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Drones can almost see in the dark


UZH researchers have taught drones how to fly using an eye-inspired camera, opening the door to them performing fast, agile maneuvers and flying in low-light environments. Possible applications could include supporting rescue teams with search missions at dusk or dawn.

To fly safely, drones need to know their precise position and orientation in space at all times. While commercial drones solve this problem using GPS, this only works outdoors, and is not very reliable, especially in urban environments.

Drone with an eye-inspired camera.

Image: UZH

Unlike their conventional counterparts, event cameras only report changes in brightness for each pixel.

Image: UZH

Furthermore, the conventional cameras mounted on drones work only when there is a high amount of light available, and the drone’s speed has to be limited otherwise the resulting image is motion-blurred and cannot be used by computer vision algorithms. To solve this problem, professional drones use sensors that are elaborate, expensive, and bulky, such as laser scanners.

First combination of artificial intelligence and robotics

A group of researchers from the University of Zurich and the Swiss research consortium NCCR Robotics has now developed an innovative alternative approach, enabling drones to fly in a wide range of conditions using an eye-inspired camera that can easily cope with high-speed motion.

It can even see in the dark much more effectively than the conventional cameras currently used by all commercial drones. “This research is the first of its kind in the fields of artificial intelligence and robotics, and will soon enable drones to fly autonomously and faster than ever, including in low-light environments,” says Prof. Davide Scaramuzza, Director of the Robotics and Perception Group at UZH. He and his team have already taught drones to use their onboard cameras to infer their position and orientation in space.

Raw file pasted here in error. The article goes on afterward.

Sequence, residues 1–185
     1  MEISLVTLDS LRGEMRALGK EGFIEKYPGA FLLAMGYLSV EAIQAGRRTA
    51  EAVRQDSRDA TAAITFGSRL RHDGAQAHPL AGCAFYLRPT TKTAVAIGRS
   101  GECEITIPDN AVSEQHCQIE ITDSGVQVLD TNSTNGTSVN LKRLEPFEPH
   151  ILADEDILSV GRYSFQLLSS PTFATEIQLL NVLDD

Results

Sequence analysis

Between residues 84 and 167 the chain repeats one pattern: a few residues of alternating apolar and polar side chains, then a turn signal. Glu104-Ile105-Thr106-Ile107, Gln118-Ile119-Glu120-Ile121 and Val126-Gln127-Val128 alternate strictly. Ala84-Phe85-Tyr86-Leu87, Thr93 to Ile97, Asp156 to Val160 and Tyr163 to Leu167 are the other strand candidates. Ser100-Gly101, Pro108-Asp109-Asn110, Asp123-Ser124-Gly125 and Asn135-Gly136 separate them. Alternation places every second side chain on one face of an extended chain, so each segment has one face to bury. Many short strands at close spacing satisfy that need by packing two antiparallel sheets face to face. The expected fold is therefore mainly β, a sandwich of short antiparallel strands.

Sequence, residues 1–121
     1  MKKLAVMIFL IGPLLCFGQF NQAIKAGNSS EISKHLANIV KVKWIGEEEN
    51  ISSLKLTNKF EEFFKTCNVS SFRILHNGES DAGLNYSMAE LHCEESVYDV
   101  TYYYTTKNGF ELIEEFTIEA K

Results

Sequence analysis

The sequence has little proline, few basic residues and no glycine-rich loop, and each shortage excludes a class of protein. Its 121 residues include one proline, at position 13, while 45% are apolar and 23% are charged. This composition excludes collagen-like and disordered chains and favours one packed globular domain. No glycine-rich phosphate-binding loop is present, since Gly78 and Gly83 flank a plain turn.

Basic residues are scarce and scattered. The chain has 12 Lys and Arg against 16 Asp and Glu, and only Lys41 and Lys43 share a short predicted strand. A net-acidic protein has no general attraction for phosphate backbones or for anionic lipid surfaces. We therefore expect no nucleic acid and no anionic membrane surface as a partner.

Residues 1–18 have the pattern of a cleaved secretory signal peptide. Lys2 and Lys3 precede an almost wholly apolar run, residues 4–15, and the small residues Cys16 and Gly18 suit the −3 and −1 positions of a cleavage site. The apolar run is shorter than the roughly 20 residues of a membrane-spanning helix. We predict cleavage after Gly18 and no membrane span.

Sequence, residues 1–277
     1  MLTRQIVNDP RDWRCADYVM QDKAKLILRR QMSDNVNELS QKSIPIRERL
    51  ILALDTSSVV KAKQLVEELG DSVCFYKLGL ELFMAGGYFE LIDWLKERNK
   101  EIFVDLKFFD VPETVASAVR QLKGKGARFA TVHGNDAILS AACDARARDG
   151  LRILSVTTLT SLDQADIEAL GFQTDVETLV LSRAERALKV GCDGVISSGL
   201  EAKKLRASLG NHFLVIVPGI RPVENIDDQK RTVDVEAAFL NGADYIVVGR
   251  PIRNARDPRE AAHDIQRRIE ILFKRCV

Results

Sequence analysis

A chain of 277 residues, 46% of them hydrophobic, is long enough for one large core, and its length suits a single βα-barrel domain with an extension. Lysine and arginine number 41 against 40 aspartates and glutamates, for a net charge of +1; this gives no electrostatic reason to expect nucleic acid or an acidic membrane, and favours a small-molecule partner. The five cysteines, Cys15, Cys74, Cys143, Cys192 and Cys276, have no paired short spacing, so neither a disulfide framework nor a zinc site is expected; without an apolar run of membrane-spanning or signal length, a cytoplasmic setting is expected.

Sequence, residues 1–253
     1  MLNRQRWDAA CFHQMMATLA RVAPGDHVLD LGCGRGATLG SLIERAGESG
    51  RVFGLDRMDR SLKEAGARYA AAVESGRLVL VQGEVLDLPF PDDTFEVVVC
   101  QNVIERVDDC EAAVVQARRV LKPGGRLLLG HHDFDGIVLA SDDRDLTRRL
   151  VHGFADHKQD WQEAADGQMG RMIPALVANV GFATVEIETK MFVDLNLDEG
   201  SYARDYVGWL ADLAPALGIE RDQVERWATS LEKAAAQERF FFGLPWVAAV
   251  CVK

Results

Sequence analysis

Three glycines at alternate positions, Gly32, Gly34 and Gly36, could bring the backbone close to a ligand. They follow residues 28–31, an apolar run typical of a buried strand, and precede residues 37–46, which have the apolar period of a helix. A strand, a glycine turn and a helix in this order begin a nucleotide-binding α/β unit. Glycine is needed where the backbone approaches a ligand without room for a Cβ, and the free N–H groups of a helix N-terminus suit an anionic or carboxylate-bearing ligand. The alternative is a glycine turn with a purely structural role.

Camera captures light changes for each pixel

Event cameras, which were invented at UZH together with ETH Zurich, do not need to capture full light on the entire bio-inspired retina in order to have a clear picture. Unlike their conventional counterparts, they only report changes in brightness for each pixel, ensuring perfectly sharp vision even during fast motion or in low-light environments. The UZH researchers have also de-signed new software able to efficiently process the output from such cameras, harnessing this to enable autonomous flight at higher speeds and in lower light than currently possible with com-mercial drones.

Drones equipped with an event camera and the software designed by the Swiss researchers could assist search and rescue teams in scenarios where conventional drones would be of no use – for example on missions at dusk or dawn or when there is too little light for normal cameras to work. They would also be able to fly faster in disaster areas, where time is critical in saving survivors.

Prototype ready for the future

“There is still a lot of work to be done before these drones can be deployed in the real world since the event camera used for our research is an early prototype. We have yet to prove that our soft-ware also works reliably outdoors,” says PhD Student Henri Rebecq. And Professor Scaramuzza adds: “We think this is achievable, however, and our recent work has already demonstrated that combining a standard camera with an event-based camera improves the accuracy and reliability of the system.”

Antoni Rosinol Vidal, Henri Rebecq, Timo Horstschaefer, Davide Scaramuzza. Hybrid, Frame and Event-based Visual Inertial Odometry for Robust, Autonomous Navigation of Quadrotors. IEEE Robotics and Automation Letters, September 19, 2017.

Video UZH Flying Robots:

Melanie Nyfeler | Universität Zürich
Further information:

Further reports about: ETH ETH Zurich GPs Robotics Robots UZH laser scanners sharp vision

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